Journal of Community Power Building      COMM-ORG Papers 2004

Contents | Walking the Fine Line | The Power of Patience | Fear and Coaxing in Waltham | A Seat at the Table | ¡Sí Se Puede! | The Local/Global Politics of Boston’s Viet-Vote | Laying Down a Speed Bump | Jook Sing

Fear and Coaxing in Waltham

By Sarah Robbins

He said he wouldn’t continue the discussion unless I acted like a “lady.” Without hesitation I stated simply that the practice of “acting like a lady” is the reason why hundreds of elderly women were willing to be silent in the face of being gentrified out of their homes!

 A “lady” doesn’t speak up.  A “lady” doesn’t talk back to those in power.  A “lady” just rolls over and lets the bad guys of the world run amok all over their lives.  That’s exactly what my neighbors, both men and women, were doing in the face of losing what was home for up to forty plus years.

It all comes down to misconceptions and fear – misconceptions about what power is; who has it and who doesn’t; how to use it; and what it all means.   There is fear of the unknown.  Fear of the future and for one’s future.  Just plain fear.

Back in 2001, I read in the local paper that Gardencrest, the apartment complex I had lived in for some seven years, was up for sale.  This was quite a shock after receiving a letter of assurance from the owners that despite the death of the family patriarch and Gardencrest founder, they had no plans to sell in the future.  For nearly fifty years, Gardencrest was not so much a steppingstone to the American dream of home ownership as it was Home for countless seniors and a place in which to raise children.  Not only was it Home, plain and simple, it was also affordable for regular folks.  For people who had lived here for many years, the real estate world outside the boundaries of our cozy community was much too expensive, let alone being an environment that felt nearly as safe.  Many of my neighbors had disabilities or were elderly and had found a safe haven here.  Those who found Gardencrest never left.  Most of the seniors had not kept up with prices of apartments in the world beyond, because they liked living at Gardencrest.  Why would they move?  Where would they go?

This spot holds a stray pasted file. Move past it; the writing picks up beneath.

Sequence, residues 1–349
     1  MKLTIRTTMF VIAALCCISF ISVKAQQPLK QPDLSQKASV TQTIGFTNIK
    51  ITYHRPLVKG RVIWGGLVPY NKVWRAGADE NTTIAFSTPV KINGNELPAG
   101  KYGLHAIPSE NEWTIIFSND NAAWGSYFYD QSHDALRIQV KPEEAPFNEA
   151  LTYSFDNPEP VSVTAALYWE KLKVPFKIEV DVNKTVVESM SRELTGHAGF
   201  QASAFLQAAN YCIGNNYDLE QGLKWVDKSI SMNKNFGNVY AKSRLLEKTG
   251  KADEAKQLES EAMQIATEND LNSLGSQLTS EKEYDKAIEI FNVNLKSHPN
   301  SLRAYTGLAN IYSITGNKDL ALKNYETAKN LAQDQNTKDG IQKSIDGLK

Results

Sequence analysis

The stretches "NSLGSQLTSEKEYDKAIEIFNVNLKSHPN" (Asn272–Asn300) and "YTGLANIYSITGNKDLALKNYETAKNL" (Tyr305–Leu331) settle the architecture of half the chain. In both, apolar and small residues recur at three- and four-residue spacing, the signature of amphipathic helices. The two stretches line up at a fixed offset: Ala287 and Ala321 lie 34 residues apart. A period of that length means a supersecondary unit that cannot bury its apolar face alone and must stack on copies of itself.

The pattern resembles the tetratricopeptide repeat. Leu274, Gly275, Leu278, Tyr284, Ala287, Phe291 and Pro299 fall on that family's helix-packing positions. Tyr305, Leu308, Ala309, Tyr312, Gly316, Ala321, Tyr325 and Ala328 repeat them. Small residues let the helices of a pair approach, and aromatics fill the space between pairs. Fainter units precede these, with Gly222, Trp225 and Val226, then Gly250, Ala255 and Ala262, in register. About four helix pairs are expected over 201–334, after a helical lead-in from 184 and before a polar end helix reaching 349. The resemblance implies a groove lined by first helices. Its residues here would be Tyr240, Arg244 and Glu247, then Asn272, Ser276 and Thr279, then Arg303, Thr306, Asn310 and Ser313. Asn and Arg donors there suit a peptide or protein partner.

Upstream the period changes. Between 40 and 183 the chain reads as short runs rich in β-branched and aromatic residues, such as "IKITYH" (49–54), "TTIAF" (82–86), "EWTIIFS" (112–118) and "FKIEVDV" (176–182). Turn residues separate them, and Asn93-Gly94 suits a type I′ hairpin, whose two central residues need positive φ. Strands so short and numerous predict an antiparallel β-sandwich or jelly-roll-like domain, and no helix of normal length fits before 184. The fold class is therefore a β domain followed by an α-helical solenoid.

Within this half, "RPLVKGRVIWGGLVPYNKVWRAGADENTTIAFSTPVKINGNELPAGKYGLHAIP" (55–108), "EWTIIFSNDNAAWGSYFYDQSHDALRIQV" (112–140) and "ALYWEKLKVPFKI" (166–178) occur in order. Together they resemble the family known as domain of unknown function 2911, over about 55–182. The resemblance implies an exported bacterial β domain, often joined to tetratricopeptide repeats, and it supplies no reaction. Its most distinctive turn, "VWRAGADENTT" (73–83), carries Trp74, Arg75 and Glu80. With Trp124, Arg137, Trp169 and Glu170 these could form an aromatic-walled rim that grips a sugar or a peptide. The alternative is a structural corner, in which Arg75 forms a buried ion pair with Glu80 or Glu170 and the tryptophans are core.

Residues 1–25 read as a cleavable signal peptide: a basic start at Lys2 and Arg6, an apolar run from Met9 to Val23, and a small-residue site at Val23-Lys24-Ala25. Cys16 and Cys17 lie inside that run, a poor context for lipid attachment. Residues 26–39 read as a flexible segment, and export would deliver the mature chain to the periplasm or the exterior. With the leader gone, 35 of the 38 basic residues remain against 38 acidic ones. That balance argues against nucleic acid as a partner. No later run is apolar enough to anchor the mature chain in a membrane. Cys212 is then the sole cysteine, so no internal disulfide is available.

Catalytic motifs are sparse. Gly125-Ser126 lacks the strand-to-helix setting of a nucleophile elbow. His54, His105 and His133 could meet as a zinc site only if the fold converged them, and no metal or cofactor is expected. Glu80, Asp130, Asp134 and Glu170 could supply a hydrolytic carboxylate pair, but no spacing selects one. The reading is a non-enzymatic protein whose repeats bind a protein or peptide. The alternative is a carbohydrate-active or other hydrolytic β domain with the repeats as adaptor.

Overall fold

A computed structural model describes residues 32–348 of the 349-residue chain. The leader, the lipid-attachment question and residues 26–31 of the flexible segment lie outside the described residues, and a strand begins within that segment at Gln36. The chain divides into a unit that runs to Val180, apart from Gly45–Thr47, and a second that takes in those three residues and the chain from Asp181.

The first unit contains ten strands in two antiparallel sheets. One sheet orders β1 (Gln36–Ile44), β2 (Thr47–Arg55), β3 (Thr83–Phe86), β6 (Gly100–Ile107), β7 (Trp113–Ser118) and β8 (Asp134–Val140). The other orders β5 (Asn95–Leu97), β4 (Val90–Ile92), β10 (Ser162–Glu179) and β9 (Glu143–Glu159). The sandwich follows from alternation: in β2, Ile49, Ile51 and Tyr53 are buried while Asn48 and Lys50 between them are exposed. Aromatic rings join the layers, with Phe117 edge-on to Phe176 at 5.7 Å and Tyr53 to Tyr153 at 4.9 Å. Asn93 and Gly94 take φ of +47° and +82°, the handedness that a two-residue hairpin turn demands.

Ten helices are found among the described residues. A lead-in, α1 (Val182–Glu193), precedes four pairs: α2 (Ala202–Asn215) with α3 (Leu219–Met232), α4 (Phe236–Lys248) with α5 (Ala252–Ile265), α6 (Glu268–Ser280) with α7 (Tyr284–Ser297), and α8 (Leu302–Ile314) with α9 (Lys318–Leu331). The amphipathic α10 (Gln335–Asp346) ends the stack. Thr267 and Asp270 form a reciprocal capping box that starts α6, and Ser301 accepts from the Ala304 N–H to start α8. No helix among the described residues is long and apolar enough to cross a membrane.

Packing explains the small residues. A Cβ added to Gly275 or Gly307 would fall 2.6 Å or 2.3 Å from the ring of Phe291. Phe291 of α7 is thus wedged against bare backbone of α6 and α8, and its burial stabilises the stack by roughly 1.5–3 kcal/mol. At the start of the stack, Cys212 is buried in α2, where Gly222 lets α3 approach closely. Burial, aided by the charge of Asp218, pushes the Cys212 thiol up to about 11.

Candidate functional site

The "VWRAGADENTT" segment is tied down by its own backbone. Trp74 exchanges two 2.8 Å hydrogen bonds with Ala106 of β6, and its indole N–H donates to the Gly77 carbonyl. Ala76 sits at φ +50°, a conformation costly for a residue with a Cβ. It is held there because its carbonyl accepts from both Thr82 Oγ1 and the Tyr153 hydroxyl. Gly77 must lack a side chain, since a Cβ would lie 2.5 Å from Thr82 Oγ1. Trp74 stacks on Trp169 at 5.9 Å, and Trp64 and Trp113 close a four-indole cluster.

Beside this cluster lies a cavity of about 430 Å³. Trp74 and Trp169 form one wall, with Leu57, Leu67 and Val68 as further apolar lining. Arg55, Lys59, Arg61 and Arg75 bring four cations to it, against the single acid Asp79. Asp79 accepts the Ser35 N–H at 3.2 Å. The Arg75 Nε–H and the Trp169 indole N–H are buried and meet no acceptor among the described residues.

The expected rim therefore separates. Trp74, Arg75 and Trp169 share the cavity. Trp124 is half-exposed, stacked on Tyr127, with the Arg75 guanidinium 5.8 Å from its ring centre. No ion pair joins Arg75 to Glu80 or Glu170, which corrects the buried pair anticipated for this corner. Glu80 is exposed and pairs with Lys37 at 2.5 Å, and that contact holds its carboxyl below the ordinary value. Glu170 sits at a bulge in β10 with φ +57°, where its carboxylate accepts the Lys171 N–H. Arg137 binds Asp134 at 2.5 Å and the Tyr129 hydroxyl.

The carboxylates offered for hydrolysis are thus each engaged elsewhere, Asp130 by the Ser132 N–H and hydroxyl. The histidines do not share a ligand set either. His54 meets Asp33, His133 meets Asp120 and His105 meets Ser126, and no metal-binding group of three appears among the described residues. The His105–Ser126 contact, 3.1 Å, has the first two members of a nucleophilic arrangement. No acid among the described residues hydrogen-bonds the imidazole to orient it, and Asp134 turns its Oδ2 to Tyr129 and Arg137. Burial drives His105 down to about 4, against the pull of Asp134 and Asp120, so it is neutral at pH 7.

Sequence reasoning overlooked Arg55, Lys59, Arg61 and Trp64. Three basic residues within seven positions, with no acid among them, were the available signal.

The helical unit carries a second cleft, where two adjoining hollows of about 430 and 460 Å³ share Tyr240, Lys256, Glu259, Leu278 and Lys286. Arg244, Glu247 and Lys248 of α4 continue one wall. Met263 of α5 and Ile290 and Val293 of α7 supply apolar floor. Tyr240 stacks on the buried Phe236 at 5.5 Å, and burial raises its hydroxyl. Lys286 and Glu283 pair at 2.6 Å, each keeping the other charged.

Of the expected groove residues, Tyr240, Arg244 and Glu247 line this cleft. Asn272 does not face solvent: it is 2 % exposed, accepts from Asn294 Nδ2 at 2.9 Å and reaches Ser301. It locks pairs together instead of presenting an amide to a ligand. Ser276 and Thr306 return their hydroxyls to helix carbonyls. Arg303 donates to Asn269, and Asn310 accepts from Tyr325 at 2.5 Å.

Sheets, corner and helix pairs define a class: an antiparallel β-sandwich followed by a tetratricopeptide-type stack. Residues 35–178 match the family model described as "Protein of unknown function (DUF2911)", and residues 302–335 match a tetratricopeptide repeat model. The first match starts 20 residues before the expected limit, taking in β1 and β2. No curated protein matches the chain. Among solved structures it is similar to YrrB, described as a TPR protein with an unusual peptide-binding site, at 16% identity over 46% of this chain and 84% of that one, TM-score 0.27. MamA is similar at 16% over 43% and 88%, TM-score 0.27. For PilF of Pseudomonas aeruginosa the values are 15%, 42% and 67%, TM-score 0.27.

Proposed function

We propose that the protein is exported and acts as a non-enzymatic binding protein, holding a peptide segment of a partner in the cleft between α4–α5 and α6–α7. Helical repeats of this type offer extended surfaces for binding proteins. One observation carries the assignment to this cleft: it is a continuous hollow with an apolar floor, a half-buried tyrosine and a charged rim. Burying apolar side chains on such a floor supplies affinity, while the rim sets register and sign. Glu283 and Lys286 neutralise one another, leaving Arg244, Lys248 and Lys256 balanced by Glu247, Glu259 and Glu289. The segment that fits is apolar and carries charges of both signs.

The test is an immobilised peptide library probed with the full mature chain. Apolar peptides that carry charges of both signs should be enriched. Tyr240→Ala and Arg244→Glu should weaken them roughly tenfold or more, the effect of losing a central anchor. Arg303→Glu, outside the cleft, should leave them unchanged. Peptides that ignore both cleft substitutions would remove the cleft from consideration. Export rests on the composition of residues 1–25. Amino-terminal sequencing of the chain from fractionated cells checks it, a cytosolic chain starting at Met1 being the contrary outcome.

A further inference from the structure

Most significantly, my neighbors were used to having a landlord who showed compassion for the needs of the tenants by keeping rents low.  Suddenly, the complex was up for sale, leaving tenants feeling stunned and betrayed by the family they had trusted for all those years.  Clearly the aging offspring of the founder were of a different breed from their father.  Still, they were DeVincents, and therefore tenants felt they owed some sort of loyalty to the landlords even if they were heeding the advice of real estate agents interested in maximum profit at any human cost.  At the price being asked, the new owner would have to immediately double the rents as had happened a few years before at a similar apartment complex across town.  Even so, the tenants felt obliged to let the second generation of DeVincents do as they pleased out of respect for their dead father.  They felt it would be unacceptable to appear to be “anti- DeVincent” by speaking up for their needs and were willing to be the collateral damage in the battle for affordable housing.  “It’s a private sale, there’s nothing we can do,” was the whimper of those convinced of their powerlessness in the face of disaster.